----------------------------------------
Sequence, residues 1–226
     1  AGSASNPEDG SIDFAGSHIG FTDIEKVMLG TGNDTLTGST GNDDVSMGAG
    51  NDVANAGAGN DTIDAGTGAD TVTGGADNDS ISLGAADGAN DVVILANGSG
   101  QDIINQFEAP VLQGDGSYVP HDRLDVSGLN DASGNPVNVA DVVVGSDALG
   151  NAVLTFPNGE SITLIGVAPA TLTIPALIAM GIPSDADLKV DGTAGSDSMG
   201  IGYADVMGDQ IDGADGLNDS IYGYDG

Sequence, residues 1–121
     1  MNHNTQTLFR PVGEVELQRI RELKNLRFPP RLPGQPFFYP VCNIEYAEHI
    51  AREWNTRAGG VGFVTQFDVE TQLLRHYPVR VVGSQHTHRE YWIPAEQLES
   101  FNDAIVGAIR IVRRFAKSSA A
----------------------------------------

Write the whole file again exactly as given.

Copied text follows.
Sequence, residues 1–226
     1  AGSASNPEDG SIDFAGSHIG FTDIEKVMLG TGNDTLTGST GNDDVSMGAG
    51  NDVANAGAGN DTIDAGTGAD TVTGGADNDS ISLGAADGAN DVVILANGSG
   101  QDIINQFEAP VLQGDGSYVP HDRLDVSGLN DASGNPVNVA DVVVGSDALG
   151  NAVLTFPNGE SITLIGVAPA TLTIPALIAM GIPSDADLKV DGTAGSDSMG
   201  IGYADVMGDQ IDGADGLNDS IYGYDG

Sequence, residues 1–121
     1  MNHNTQTLFR PVGEVELQRI RELKNLRFPP RLPGQPFFYP VCNIEYAEHI
    51  AREWNTRAGG VGFVTQFDVE TQLLRHYPVR VVGSQHTHRE YWIPAEQLES
   101  FNDAIVGAIR IVRRFAKSSA A